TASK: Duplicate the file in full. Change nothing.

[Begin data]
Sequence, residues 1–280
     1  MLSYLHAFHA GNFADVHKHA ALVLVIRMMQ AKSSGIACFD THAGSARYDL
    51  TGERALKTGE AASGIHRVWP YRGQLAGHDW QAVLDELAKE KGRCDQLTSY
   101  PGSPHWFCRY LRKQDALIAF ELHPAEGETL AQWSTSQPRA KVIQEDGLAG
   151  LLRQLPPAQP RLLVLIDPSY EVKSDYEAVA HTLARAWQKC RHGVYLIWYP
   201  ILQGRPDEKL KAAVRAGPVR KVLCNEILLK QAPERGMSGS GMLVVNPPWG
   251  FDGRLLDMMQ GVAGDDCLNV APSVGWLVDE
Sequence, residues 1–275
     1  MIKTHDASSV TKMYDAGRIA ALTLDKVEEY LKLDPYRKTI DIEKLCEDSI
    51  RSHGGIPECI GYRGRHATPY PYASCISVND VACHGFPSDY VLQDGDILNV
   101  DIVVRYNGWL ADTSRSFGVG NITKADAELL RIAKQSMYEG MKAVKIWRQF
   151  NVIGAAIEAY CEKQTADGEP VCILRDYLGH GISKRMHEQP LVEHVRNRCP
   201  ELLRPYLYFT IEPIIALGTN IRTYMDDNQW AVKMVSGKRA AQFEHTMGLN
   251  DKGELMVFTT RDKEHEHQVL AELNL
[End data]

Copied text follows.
Sequence, residues 1–280
     1  MLSYLHAFHA GNFADVHKHA ALVLVIRMMQ AKSSGIACFD THAGSARYDL
    51  TGERALKTGE AASGIHRVWP YRGQLAGHDW QAVLDELAKE KGRCDQLTSY
   101  PGSPHWFCRY LRKQDALIAF ELHPAEGETL AQWSTSQPRA KVIQEDGLAG
   151  LLRQLPPAQP RLLVLIDPSY EVKSDYEAVA HTLARAWQKC RHGVYLIWYP
   201  ILQGRPDEKL KAAVRAGPVR KVLCNEILLK QAPERGMSGS GMLVVNPPWG
   251  FDGRLLDMMQ GVAGDDCLNV APSVGWLVDE
Sequence, residues 1–275
     1  MIKTHDASSV TKMYDAGRIA ALTLDKVEEY LKLDPYRKTI DIEKLCEDSI
    51  RSHGGIPECI GYRGRHATPY PYASCISVND VACHGFPSDY VLQDGDILNV
   101  DIVVRYNGWL ADTSRSFGVG NITKADAELL RIAKQSMYEG MKAVKIWRQF
   151  NVIGAAIEAY CEKQTADGEP VCILRDYLGH GISKRMHEQP LVEHVRNRCP
   201  ELLRPYLYFT IEPIIALGTN IRTYMDDNQW AVKMVSGKRA AQFEHTMGLN
   251  DKGELMVFTT RDKEHEHQVL AELNL